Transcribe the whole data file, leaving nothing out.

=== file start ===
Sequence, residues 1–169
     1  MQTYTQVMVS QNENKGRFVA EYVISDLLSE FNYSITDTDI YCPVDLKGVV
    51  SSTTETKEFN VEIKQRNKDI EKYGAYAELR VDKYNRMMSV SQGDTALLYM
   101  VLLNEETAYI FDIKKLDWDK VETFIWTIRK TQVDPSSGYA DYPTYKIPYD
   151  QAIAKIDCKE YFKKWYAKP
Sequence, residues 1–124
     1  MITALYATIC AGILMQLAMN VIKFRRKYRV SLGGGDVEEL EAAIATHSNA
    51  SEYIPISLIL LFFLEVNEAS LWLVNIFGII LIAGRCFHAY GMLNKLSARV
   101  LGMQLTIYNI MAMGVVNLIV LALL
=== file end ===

Sequence, residues 1–169
     1  MQTYTQVMVS QNENKGRFVA EYVISDLLSE FNYSITDTDI YCPVDLKGVV
    51  SSTTETKEFN VEIKQRNKDI EKYGAYAELR VDKYNRMMSV SQGDTALLYM
   101  VLLNEETAYI FDIKKLDWDK VETFIWTIRK TQVDPSSGYA DYPTYKIPYD
   151  QAIAKIDCKE YFKKWYAKP
Sequence, residues 1–124
     1  MITALYATIC AGILMQLAMN VIKFRRKYRV SLGGGDVEEL EAAIATHSNA
    51  SEYIPISLIL LFFLEVNEAS LWLVNIFGII LIAGRCFHAY GMLNKLSARV
   101  LGMQLTIYNI MAMGVVNLIV LALL